An example is the Pathfinder Challenges which set objectives rather than waiting for applicants to suggest projects. The first project aims to fill gaps in EU’s cell and gene therapy sector in particular to address issues of scale-up, cost, patient access and becoming commercially successful. So, for example, their focus is reported as emphasis on manufacturing and scale-up of patient-specific therapies. UK policymakers take note please!
Ironically, this strategic focus was the basis of setting up the UK Technology Strategy Board (TSB) in 2004 but this was lost when the TSB was converted to an arms-length agency (now Innovate UK).
We remain optimistic that the opportunity for real economic growth exists in the UK but to realise that we will need a sea change in the actions of both business leaders and policy makers. One of the key areas to emerge in much of the news, is the importance of strategy. Much has been written about strategy but the great business leaders seem to focus their strategic thinking on where to play and how to win against the competition. Following the appointment of a new Prime
Minister and Cabinet, we applaud the growth ambition but currently cannot see any credible plans to achieve that. We look forward to seeing the detail statement over the coming weeks.
It is also worth reflecting on the view of technology futurist, Mark Andreessen, when he looks at the emerging areas for growth which he describes by the acronym ABC:
A for artificial intelligence around for example deep learning, machine learning, GPT-3 (generative pre-trained transformer 3).
B for biotech with genomics and now the mRNA revolution, and the revolution of bringing together the disciplines of biology and engineering.
C for crypto and Web3, which is a revolution around distributed consensus, building trusted networks on the internet.
There’s an incredible wave of talent in the form of top-end engineers, scientists, executives, and founders flooding into those three sectors. The UK needs to make best use of such global talent and focus on those areas where the UK has maximum potential to accelerate growth.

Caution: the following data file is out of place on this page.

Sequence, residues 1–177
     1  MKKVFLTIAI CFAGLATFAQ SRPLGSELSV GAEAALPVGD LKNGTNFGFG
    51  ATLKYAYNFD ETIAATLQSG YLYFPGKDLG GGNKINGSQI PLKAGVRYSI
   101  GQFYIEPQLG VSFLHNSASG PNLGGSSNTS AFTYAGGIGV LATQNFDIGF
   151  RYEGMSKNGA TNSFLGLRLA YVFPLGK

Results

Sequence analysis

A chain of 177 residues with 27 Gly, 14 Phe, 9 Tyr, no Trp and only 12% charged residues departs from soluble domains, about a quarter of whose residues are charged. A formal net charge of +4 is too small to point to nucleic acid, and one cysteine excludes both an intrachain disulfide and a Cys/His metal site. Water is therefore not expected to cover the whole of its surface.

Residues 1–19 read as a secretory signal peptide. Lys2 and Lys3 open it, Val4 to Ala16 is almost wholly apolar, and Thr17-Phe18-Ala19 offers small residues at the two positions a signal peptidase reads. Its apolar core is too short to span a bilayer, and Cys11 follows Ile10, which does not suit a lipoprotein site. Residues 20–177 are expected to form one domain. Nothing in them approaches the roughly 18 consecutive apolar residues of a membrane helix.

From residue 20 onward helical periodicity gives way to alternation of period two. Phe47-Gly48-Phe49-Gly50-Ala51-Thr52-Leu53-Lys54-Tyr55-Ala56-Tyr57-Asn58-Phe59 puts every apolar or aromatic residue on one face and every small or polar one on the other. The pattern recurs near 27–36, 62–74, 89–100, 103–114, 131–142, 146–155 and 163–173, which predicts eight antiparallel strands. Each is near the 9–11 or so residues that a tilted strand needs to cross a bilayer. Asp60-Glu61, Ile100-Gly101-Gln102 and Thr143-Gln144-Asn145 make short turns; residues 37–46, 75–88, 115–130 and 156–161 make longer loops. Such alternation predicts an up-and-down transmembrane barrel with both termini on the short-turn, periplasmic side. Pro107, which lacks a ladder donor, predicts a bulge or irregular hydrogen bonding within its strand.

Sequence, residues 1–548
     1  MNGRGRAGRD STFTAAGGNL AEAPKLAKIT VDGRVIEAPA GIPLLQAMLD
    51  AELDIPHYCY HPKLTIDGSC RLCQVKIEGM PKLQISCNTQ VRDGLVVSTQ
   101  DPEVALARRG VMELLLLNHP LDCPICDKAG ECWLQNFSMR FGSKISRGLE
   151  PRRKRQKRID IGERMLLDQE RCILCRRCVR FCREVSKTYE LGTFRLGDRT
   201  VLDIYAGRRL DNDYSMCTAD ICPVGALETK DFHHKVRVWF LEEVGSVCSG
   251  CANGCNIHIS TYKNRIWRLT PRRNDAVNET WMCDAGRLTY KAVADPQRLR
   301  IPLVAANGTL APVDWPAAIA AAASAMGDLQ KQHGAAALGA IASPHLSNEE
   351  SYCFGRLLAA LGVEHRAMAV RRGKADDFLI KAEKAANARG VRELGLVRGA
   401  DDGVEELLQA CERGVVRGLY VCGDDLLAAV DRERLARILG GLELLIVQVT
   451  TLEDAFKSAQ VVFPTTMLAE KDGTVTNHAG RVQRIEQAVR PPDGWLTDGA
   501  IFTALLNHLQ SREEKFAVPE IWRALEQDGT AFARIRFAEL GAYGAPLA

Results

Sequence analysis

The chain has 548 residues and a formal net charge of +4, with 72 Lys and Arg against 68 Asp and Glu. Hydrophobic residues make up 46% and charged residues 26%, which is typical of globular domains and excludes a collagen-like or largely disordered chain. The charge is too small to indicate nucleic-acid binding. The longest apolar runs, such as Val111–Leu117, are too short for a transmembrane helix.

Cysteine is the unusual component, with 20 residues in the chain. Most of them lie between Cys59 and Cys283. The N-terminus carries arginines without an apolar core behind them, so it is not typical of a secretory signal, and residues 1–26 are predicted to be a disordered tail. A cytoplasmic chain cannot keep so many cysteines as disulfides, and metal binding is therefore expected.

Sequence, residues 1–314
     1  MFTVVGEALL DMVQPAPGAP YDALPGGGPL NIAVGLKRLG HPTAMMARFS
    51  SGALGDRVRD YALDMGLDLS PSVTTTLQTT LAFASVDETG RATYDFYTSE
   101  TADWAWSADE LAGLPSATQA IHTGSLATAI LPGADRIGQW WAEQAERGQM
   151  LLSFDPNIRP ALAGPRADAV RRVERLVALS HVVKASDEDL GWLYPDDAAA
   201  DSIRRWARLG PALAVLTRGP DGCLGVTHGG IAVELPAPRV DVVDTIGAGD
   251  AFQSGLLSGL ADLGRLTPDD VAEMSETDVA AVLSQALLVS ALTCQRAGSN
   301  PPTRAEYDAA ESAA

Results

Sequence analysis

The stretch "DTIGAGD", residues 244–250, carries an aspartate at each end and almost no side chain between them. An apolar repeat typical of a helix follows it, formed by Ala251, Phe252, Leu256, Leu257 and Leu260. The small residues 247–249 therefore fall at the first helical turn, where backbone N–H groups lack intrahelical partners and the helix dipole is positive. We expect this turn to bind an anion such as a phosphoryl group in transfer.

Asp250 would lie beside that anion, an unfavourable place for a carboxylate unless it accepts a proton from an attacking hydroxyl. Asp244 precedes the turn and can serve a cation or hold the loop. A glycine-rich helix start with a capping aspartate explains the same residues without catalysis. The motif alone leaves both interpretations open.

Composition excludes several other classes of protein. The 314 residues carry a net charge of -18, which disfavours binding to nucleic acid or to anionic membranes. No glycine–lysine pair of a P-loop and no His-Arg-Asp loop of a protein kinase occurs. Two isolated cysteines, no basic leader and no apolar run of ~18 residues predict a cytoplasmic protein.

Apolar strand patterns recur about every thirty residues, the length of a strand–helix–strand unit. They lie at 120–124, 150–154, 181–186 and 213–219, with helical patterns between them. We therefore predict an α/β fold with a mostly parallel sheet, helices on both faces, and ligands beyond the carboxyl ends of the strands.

We are delighted to announce a new collaboration with the Triple Chasm Company focussing on developing a better understanding of the innovation landscape in the UK.
The R&D Society and the Triple Chasm Company share the same goals of improving the translation of ideas into commercial, social and environmental impact. The research collaboration is focused on generating practical insights for innovative high-growth companies, enabling them to better focus their efforts.
The R&D Society will promote Triple Chasm research and tools to its membership resulting in better data-driven decisions, leading to faster, more sustainable growth.
Iain Simpson, Chairperson of The R&D Society said:
"We seek to maintain UK as one of the most attractive global environments for R&D, with a particular emphasis on realising its potential to impact social and economic wealth. With this in mind we are delighted to form a strategic partnership with the Triple Chasm Company to support applying its research-based methodologies to develop a better understanding of the innovation landscape in the UK linking the micro, meso, and macro factors that ensure economic growth and sustainability."
Dr Phadke, CEO of the Triple Chasm added:
“We are delighted about this new collaboration which should enable more rigorous evidence-driven approaches which go beyond simple macro-economic notions of market failure, productivity gaps, and volatile investor sentiment.“
From ideas to wealth
Founded more than 50 years ago, the Society recognises how the R&D landscape has changed, but our focus remains helping to make the UK one of the most attractive global environments for R&D. Read on the About page
Industrial strategy, responding to UK and international initiatives, opening up membership
We are responding to local and global events of the past 18 months in industry and in politics, via public events, round table meetings, and canvassing of opinion. In particular we are working on research, activities and engagement around Industrial strategy and opening up membership.
See our events page for more details
Shortly we will be re-opening membership. You will be able to be part of a community of R&D professionals and other, who share our aim of making the UK one of the most attractive global environments for R&D.
Members will get reduced cost entry to our programme of events, with the opportunity to meet and network with other professionals and people interested in R&D commercialisation, as well receiving key news from the R&D Society including updates on policy in the UK and aboard, as well as other information relevant to theR&D community